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  54% Say US Troop Withdrawal Will Make Things Worse in Iraq

Survey of 2,000 Adults

September 22-25, 2005

If the United States withdraws all of its troops from Iraq, will that make things better or worse in Iraq?

Better 20%
Worse 54%
No Impact 14%



September 26, 2005--Most Americans (54%) believe that withdrawing U.S. troops from Iraq will make things worse in that troubled nation.  A Rasmussen Reports survey found that 20% disagree and say that troop withdrawal will make things better. These numbers are identical to the results of our August survey.

Republicans, by a 78% to 10% margin, say that withdrawing troops from Iraq would make things worse in that county. Democrats are evenly divided on the question, with 30% of Harry Reid's party saying the troop withdrawal would make things better and 33% taking the opposite view.

As for those not affiliated with either major party, 49% say withdrawing troops now would make the situation worse. Twenty percent (20%) of unaffiliateds say bringing U.S. troops home would improve the situation in Iraq.

A measure of the country's polarization concerning Iraq is that Republicans overwhelmingly view the U.S. troops as a liberating army. Democrats, by a 2-to-1 margin, see the U.S. forces as an occupying army. Unaffiliateds are evenly divided.

Overall, 35% say that the U.S. forces in Iraq are an occupying force. Forty-four percent (44%) view them as a liberating force.

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Forty-seven percent (47%) of Americans say that it is more important to get U.S. troops home than to "insure that Iraq becomes a peaceful nation enjoying the benefits of freedom and democracy." Forty-three percent (43%) view finishing the mission as more important than bringing home the troops.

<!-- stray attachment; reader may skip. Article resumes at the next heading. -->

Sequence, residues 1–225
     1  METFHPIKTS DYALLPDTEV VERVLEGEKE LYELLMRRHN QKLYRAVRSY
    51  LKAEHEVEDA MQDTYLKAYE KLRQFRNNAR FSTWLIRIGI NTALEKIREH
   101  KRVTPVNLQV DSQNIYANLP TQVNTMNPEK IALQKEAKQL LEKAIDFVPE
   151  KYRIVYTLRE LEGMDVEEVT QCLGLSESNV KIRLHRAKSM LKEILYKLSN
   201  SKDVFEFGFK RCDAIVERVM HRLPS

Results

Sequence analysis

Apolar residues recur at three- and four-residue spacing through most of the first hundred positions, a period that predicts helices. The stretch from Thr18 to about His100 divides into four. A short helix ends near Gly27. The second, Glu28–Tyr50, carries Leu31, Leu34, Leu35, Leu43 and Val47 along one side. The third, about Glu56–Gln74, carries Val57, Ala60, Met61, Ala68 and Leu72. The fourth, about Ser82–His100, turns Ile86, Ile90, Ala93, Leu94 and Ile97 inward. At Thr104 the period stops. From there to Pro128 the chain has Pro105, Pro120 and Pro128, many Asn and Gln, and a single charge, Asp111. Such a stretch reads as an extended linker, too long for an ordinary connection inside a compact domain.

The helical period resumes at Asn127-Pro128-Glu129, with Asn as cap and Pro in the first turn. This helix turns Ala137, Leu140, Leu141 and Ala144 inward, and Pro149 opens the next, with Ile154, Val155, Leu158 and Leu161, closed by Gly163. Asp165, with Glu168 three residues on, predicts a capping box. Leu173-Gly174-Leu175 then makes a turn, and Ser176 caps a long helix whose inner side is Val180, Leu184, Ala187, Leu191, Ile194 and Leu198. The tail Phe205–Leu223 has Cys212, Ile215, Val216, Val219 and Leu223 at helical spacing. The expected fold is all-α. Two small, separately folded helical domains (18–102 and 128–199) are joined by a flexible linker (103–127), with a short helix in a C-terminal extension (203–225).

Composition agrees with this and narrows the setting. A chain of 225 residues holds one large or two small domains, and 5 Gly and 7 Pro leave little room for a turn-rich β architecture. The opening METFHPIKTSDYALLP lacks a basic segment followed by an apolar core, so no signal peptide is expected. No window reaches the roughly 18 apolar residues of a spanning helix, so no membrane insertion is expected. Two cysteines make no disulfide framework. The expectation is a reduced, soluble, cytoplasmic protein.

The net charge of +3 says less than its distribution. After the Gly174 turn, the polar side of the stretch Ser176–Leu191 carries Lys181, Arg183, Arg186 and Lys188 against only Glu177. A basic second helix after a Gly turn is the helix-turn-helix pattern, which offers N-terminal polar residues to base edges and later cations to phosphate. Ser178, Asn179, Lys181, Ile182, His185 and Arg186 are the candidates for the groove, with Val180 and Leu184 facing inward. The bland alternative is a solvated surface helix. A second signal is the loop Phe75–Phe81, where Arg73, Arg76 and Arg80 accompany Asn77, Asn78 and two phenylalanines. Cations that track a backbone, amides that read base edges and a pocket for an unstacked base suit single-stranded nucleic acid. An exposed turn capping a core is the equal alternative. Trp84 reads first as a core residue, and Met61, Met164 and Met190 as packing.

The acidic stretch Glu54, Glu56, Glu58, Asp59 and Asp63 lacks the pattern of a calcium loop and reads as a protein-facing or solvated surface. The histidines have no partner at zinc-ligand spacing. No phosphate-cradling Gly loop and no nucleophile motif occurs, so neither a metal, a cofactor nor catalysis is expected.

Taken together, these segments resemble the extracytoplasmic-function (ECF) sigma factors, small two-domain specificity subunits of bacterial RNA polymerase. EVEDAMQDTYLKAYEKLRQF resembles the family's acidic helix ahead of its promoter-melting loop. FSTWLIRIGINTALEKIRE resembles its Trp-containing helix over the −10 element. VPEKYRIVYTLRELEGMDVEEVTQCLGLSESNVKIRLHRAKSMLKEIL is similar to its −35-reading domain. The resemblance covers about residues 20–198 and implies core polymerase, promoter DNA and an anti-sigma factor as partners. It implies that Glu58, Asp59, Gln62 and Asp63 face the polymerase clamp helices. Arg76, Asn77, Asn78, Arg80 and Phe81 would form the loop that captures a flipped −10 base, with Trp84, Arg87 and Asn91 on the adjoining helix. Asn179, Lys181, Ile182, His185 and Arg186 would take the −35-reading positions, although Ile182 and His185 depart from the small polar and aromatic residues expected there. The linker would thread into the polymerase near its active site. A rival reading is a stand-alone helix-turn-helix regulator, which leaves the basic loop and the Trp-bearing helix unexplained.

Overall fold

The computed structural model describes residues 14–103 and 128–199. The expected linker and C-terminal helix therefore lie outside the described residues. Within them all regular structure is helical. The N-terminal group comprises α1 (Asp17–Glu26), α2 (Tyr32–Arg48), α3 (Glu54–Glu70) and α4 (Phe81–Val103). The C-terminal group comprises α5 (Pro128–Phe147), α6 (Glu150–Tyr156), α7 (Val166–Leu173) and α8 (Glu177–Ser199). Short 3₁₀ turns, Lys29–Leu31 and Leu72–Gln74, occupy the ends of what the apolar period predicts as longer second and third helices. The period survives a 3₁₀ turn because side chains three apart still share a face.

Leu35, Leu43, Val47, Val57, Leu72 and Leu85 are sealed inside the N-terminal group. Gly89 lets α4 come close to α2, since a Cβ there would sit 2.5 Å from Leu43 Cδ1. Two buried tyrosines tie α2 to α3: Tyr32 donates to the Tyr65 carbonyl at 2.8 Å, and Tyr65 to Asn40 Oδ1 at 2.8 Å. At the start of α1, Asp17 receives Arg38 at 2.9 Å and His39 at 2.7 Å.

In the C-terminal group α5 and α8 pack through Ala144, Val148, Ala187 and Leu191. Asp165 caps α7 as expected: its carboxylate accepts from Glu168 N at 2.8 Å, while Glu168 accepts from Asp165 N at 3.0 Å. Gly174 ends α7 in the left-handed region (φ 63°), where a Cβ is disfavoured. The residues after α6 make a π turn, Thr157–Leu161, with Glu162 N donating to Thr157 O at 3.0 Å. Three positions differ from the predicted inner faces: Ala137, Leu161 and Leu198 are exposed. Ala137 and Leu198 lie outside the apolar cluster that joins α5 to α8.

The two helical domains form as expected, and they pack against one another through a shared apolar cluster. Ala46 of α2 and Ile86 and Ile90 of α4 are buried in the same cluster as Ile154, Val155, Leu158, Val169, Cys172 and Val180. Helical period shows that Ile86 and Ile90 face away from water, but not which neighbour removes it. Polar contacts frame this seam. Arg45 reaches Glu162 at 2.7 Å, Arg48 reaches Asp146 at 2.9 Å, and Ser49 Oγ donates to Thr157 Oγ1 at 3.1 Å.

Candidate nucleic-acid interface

On this question, there is a significant gender gap. By a 50% to 42% margin, men say that finishing the mission is more important. By a 51% to 38% margin, women say bringing the troops home is more important.

Forty-three percent (43%) of Americans say that the War in Iraq is part of the War on Terror. Forty percent (40%) take the opposite view and say Iraq is a distraction from the War on Terror.

A related survey found that 40% of Americans believe the U.S. and its allies are winning the War on Terror. Thirty-six percent (36%) believe the terrorists are winning.

Cindy Sheehan, a featured speaker at Saturday's anti-War protests in Washington, is viewed favorably by 31% of Americans.

Demographic details available for Premium Members.

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Rasmussen Reports was the nation's most accurate polling firm during the Presidential election and the only one to project both Bush and Kerry's vote total within half a percentage point of the actual outcome.

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Scott Rasmussen, president of Rasmussen Reports, has been an independent pollster for more than a decade.

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The telephone survey of 2,000 Adults was conducted by Rasmussen Reports September 22-25, 2005.  The margin of sampling error for the survey is +/- 3 percentage points with a 95% level of confidence. 37% of survey respondents were Republican, 37% Democrat, and 26% unaffiliated (see Methodology)

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